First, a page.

Some industry insiders think it was Danone’s 2016 acquisition of WhiteWave in a $12.5 billion deal that was the signal which brought venture investors and food giants alike flocking to startups that were developing meat and dairy substitutes. The success of companies like Beyond Meat and Impossible Foods has only served to prove that a growing market exists for these substitutes.

At the same time, solving the problem of protein for a growing global population is critical if the world is going to reverse course on climate change. Agriculture and animal husbandry are huge contributors to the climate crisis and ones for which no solution has made it to market.

Investors think cultured proteins — fermented in tanks like brewing beer — could be an answer.

Photograph: David Parry/EPA

“Innovative or disruptive solutions are key to responding to changing consumer demand and to addressing the challenge of feeding a growing world population sustainably,” said Kristen Eshak Weldon, Head of Food Innovation & Downstream Strategy at Louis Dreyfus Company (LDC), a leading merchant and processor of agricultural goods. “In this sense, we are excited to partner with Motif, convinced that its next-generation ingredients will play a vital role.”

Breakthrough Energy Ventures certainly thinks so.

The investment firm has been busy placing bets across a number of different biologically based solutions to reduce the emissions associated with agriculture and cultivation. Pivot Bio is a startup competing with Ginkgo’s own Joyn Bio to create nitrogen fixing techniques for agriculture. And earlier this month, the firm invested as part of a $33 million round for Sustainable Bioproducts, which is using a proprietary bacteria found in a remote corner of Yellowstone National Park to make its own protein substitute.

For all of these companies, the goal is nothing less than providing a commercially viable technology to combat some of the causes of climate change in a way that’s appealing to the average consumer.

“Sustainability and accessible nutrition are among the biggest challenges facing the food industry today. Consumers are demanding mindful food options, but there’s a reigning myth that healthy and plant-based foods must come at a higher price, or cannot taste or function like the animal-based foods they aim to replicate,” said McIntyre, in a statement. “Biotechnology and fermentation is our answer, and Motif will be key to propelling the next food revolution with affordable, sustainable and accessible ingredients that meet the standards of chefs, food developers, and visionary brands.”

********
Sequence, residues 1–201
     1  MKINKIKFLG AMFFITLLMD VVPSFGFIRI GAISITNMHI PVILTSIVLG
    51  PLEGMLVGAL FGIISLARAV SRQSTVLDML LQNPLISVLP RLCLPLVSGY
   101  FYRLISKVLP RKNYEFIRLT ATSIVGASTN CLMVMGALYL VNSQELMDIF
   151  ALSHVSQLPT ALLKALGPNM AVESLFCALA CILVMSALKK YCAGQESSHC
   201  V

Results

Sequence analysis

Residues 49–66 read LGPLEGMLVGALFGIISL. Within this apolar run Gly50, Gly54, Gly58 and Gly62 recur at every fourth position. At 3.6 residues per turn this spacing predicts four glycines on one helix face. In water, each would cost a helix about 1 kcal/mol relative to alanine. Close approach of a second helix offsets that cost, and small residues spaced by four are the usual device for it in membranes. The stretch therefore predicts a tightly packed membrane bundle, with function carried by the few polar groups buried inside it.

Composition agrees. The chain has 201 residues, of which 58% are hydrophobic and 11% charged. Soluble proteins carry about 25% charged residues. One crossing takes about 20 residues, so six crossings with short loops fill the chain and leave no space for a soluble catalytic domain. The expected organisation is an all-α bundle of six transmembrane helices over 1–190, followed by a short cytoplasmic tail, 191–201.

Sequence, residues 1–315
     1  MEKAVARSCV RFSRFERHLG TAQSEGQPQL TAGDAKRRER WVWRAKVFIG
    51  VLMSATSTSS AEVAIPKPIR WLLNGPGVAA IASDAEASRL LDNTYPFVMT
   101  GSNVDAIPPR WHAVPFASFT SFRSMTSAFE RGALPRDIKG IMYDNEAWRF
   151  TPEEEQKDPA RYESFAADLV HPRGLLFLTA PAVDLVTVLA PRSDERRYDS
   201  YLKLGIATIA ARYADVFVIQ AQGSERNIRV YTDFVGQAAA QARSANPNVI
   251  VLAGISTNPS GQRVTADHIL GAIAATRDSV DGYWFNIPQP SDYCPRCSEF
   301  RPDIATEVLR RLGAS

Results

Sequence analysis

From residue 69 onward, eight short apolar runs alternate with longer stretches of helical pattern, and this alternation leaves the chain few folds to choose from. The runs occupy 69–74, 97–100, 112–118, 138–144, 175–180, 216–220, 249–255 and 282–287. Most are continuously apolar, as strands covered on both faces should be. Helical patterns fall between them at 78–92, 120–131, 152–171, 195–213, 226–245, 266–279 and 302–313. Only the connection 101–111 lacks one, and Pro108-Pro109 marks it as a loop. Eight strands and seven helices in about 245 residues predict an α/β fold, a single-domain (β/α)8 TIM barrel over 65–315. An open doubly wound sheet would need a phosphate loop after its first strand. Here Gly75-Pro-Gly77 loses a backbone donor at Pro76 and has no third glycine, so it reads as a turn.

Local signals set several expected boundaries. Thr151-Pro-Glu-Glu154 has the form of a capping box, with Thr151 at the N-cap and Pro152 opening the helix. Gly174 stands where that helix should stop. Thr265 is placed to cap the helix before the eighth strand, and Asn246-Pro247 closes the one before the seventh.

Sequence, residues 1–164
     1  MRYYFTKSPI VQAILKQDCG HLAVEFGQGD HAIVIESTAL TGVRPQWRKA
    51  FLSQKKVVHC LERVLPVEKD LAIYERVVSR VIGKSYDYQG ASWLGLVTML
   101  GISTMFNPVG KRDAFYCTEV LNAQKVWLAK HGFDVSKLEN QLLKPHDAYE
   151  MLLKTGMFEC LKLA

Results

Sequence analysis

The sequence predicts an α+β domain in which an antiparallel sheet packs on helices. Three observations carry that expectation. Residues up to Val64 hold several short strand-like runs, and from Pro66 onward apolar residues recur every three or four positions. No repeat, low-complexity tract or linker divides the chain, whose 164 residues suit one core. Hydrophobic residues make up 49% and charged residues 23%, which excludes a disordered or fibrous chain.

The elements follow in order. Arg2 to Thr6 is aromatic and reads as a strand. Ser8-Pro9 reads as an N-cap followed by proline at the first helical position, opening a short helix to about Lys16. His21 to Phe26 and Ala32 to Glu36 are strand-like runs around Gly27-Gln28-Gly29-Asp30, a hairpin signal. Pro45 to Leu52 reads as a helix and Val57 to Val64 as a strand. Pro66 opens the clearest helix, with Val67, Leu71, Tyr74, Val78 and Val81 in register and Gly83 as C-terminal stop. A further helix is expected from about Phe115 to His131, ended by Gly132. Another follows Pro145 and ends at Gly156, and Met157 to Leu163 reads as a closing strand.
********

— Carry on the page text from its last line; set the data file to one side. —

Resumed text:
Source: The Tech Crunch

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Foxconn says Wisconsin factory plans are back on after talk with Trump

Posted by on Feb 1, 2019 in Foxconn, Hardware, manufacturing, TC, trump, Wisconsin | 0 comments

It seems Foxconn’s plans for a $10 billion Wisconsin plant are back on. After a couple of years of back and forths, the manufacturing giant says it’s recommitting to plans for a plant in the upper Midwest. A statement today cited a phone call between chairman/founder Terry Gou and Donald Trump.

“After productive discussions between the White House and the company, and after a personal conversation between President Donald J. Trump and Chairman Terry Gou, Foxconn is moving forward with our planned construction of a Gen 6 fab facility, which will be at the heart of the Wisconsin Valley Science and Technology Park,” the statement reads. “This campus will serve both as an advanced manufacturing facility as well as a hub of high technology innovation for the region.”

Earlier this week, the company noted that it was reconsidering its plans for the TV plant, noting that it was more interested in hiring researchers and engineers than the manufacturing jobs that were initially noted. “In terms of TV, we have no place in the U.S.,” Gou said at the time. “We can’t compete.”

An influx of manufacturing jobs would be a win for Trump at a vital time, as support has eroded over the country’s longest government shutdown and tariffs have made for icy relations with China. As CNBC notes, state government has sweetened the deal considerably with $4 billion in tax breaks.

Initial plans for the 20 million-square-foot campus, unveiled at a White House event in 2017, noted that it would bring 13,000 jobs — a nice bump as the U.S. has struggled to maintain manufacturing facilities.

Details, however, are still pretty thin.

“Our decision is also based on a recent comprehensive and systematic evaluation to help determine the best fit for our Wisconsin project among TFT technologies,” the statement continues. “We have undertaken the evaluation while simultaneously seeking to broaden our investment across Wisconsin far beyond our original plans to ensure the company, our workforce, the local community, and the state of Wisconsin will be positioned for long-term success.”


Source: The Tech Crunch

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China continues 5G push despite economic slowdown and Huawei setbacks

Posted by on Jan 30, 2019 in 5g, Asia, Australia, Beijing, Canada, China, Government, Huawei, LTE, manufacturing, mobile technology, network technology, spy, telecommunications, Transportation, virtual reality, Wearables, wireless technology | 0 comments

China will fast-track the issuance of commercial licenses for 5G as part of a national plan to boost consumer spending, said a notice published this week by the National Development and Reform Commission. The move appears to be multifaceted, for 5G plays a key role in China’s bid to lead the global technology race and one of its biggest 5G champions, Huawei, has been facing troubles on a global scale.

In its statement, the economic regulator calls on local governments to support the promotion and showcase of services utilizing the super-fast network technology. Ultra-high definition TVs, virtual/augmented reality handsets and other futuristic products will be eligible for government subsidies, though the regulator didn’t outline the detailed criteria.